The changing roles of the state and transnational corporations in the development of mining in Zambia : an evaluation of influences on the transition from state to private ownership of the mining sector
This dissertation principally analyses: (i) the privatisation of Zambia’s copper mines; (ii) the impact of state and private ownership and control of the mines on development; and (iii) the roles of mining TNCs in the Zambian economy. The research covers the period from independence in 1964 to 2006/7, but mainly focuses on the 1991 to 2006/7 period. The validity of several neo-classical theoretical views and counter-arguments pertaining to the social and economic benefits of privatisation and the private ownership and the activities of mining TNCs is tested in the mining sector study. The methodology is based on a case study comprising fieldwork and literature research, utilising a qualitative approach and an inductive method. The conclusions of the study could enhance knowledge from which other developing countries intent on privatising their SOEs could draw, as privatisation studies of sub-Saharan countries have mostly overlooked analyses of the social impact of the private ownership of enterprises. Key findings of the study are that the privatisation and private ownership of the mines by TNCs have failed to produce net positive socio-economic outcomes for Zambia. Furthermore, under private ownership of the mines, the political-economic benefits have shifted, mainly concentrating the surpluses from mining in favour of mining TNCs. The primary recommendations from the study are that certain measures, in particular a strong state capacity, are fundamental in enabling greater and more equitable redistribution of benefits for the country from privatisation, private ownership and the economic activities of mining TNCs.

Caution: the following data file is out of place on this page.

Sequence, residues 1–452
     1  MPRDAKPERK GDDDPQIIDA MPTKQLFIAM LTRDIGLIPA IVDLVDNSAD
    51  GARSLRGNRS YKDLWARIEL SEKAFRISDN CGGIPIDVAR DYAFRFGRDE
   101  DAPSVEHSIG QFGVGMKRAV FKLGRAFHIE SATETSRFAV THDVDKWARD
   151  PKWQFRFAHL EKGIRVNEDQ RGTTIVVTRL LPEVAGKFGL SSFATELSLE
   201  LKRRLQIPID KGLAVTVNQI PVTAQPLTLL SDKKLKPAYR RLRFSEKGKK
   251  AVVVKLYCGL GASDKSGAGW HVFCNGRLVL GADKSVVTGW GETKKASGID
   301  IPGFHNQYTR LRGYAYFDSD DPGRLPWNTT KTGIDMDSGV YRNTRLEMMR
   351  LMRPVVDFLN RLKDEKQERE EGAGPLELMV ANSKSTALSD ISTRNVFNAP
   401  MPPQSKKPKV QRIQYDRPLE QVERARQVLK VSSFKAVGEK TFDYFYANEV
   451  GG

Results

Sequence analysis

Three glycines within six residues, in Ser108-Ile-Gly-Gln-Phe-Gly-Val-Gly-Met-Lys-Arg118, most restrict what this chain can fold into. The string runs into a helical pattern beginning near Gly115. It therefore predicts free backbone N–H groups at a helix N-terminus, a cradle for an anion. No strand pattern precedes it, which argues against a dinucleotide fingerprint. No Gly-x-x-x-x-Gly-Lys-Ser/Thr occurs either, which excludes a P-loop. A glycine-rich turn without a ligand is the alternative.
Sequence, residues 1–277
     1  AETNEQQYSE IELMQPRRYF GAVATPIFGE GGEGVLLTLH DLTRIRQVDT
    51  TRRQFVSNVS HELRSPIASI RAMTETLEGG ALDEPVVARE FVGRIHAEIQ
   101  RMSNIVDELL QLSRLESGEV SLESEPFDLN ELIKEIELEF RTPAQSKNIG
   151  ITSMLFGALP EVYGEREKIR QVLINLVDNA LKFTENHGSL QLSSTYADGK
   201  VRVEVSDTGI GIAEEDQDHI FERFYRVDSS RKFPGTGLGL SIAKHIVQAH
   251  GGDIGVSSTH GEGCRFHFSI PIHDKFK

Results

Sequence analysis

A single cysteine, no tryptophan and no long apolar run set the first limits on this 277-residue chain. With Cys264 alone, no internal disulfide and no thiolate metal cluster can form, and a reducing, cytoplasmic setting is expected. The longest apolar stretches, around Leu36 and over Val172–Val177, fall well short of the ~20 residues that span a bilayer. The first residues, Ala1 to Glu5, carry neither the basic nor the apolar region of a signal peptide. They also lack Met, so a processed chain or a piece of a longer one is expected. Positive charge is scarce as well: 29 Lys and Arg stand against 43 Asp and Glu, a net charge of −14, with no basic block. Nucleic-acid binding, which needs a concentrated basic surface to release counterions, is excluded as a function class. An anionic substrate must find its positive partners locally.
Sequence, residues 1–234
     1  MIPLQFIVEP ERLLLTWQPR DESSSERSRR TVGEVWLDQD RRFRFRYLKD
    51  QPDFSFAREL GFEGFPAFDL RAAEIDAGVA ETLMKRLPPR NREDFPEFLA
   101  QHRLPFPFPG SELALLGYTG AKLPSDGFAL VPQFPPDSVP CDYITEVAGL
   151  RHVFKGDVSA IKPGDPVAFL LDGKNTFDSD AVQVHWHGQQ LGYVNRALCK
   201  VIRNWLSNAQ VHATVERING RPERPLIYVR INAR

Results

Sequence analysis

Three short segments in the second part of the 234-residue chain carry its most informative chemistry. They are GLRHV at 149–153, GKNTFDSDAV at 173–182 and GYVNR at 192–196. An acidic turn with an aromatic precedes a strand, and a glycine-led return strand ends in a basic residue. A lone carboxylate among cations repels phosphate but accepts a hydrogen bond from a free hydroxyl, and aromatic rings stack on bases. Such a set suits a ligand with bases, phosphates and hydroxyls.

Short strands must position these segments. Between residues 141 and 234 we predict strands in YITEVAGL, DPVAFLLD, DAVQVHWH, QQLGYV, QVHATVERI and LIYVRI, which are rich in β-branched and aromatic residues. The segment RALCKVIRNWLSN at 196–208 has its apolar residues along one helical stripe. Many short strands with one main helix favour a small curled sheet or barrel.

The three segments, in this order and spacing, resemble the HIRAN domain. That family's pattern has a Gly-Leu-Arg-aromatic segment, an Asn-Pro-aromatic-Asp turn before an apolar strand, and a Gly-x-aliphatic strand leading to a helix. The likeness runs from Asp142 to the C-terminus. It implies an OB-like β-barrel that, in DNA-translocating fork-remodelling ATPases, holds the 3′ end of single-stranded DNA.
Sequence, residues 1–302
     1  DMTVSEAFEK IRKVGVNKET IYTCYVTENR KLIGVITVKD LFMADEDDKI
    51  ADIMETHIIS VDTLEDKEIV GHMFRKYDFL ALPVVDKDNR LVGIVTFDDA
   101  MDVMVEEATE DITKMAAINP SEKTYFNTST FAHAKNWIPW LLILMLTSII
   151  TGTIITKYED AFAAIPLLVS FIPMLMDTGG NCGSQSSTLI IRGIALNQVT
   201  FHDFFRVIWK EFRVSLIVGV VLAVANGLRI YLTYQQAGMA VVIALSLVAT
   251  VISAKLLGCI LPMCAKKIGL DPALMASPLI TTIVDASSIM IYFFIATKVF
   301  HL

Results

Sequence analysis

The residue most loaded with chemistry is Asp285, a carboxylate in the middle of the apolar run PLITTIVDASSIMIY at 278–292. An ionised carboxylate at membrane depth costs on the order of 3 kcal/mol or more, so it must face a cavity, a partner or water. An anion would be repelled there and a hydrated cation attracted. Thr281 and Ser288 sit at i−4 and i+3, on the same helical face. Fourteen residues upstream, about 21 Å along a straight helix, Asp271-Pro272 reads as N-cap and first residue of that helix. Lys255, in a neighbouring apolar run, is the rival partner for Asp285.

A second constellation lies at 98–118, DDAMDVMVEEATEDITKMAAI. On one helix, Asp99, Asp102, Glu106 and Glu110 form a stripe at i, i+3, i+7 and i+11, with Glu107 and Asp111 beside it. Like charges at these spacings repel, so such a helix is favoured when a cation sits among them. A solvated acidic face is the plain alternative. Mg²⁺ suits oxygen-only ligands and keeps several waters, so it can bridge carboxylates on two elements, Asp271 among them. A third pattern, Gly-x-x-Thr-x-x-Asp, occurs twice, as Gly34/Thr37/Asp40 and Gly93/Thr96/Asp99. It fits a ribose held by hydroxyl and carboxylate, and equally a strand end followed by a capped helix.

Zambia, Mining, Privatisation, Private ownership, State ownership